Evidence Based Medicine ranges from the most robust data in level one, which is derived from well conducted randomised controlled studies. This goes down the line with less and less evidence till it comes to level seven which is only based on personal experience. Experience Based Medicine is based on the experience of a particular physician or surgeon. For them, level seven or personal experience is in fact level one because although they do not have controlled trials to base their results on, they have the experience of 50 years or more of treating thousands of patients with the same problem. They have therefore developed a wealth of experience which guides them to handle a particular case in a particular manner. It is for this reason that, when there is a problem in treatment, the patient consults not only one but many doctors, to gain from their personal experience as to what the best choice of treatment should be.

Expense Based Medicine relates to the facilities which a patient has, to spend the finances needed for the treatment that is indicated. Also, other circumstances like co-morbidities, distances, availability of treatment facilities etc. can modify the choices available.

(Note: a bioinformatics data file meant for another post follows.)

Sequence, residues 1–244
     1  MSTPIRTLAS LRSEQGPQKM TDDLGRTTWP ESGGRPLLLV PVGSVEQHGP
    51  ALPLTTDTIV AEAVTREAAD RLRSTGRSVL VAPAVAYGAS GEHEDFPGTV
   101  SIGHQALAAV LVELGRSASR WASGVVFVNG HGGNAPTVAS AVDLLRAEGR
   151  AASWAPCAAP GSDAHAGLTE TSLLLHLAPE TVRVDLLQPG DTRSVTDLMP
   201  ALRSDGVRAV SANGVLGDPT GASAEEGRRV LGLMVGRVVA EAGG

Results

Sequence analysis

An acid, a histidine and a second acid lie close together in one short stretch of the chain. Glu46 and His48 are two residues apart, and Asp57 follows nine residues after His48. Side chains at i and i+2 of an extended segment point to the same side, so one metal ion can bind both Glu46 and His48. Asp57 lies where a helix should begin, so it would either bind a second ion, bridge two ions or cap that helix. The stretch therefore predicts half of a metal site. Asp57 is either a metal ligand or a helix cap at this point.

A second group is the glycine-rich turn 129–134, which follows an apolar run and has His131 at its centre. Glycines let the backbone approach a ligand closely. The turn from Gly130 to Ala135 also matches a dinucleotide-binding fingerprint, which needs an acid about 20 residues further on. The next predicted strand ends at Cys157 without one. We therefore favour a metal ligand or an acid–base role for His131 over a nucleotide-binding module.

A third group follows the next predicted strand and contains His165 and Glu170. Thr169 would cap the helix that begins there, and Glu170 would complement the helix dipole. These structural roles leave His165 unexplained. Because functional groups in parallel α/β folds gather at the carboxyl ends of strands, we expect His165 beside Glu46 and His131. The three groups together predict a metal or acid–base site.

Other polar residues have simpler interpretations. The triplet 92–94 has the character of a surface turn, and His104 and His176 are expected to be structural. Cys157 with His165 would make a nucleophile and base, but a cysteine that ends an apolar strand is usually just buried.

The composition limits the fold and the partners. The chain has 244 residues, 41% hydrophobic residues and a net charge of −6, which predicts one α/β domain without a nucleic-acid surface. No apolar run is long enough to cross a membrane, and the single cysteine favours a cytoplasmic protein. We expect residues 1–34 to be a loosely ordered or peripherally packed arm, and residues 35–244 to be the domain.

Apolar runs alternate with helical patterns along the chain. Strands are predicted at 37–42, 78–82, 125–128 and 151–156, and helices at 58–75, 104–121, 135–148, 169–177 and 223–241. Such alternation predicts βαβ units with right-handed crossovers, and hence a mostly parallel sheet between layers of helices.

To illustrate what I mean, I would like to present two situations: one surgical and one medical where one has to make decisions as to the best line of treatment.

Surgical: Today there is level I evidence that for stage 1 and 2 breast cancer, in suitable cases, Breast Conservation Treatment (BCT) gives equivalent results as compared to a Modified Radical Mastectomy (MRM), in terms of DFS (Disease free survival), and OS (Overall Survival). In the first instance of BCT, only the breast lump is removed widely together with the axillary nodes and the treatment is completed with radiotherapy instead of removing the whole breast. In the second instance, the whole breast is removed with the axillary glands and in most instances in stage one and two, radiotherapy is not required, although adjuvant chemotherapy may be required in both instances.